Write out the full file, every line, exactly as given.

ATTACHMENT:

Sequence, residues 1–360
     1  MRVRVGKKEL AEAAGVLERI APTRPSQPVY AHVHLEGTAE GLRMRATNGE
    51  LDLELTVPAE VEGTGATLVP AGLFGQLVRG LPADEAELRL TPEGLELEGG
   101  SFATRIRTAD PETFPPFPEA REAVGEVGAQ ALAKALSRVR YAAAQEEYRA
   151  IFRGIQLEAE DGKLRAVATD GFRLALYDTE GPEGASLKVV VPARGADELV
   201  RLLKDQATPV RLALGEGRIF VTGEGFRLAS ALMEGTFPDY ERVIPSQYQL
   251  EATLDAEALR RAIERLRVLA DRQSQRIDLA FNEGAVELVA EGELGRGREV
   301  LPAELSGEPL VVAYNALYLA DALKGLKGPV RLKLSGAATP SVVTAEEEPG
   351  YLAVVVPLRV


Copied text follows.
Sequence, residues 1–360
     1  MRVRVGKKEL AEAAGVLERI APTRPSQPVY AHVHLEGTAE GLRMRATNGE
    51  LDLELTVPAE VEGTGATLVP AGLFGQLVRG LPADEAELRL TPEGLELEGG
   101  SFATRIRTAD PETFPPFPEA REAVGEVGAQ ALAKALSRVR YAAAQEEYRA
   151  IFRGIQLEAE DGKLRAVATD GFRLALYDTE GPEGASLKVV VPARGADELV
   201  RLLKDQATPV RLALGEGRIF VTGEGFRLAS ALMEGTFPDY ERVIPSQYQL
   251  EATLDAEALR RAIERLRVLA DRQSQRIDLA FNEGAVELVA EGELGRGREV
   301  LPAELSGEPL VVAYNALYLA DALKGLKGPV RLKLSGAATP SVVTAEEEPG
   351  YLAVVVPLRV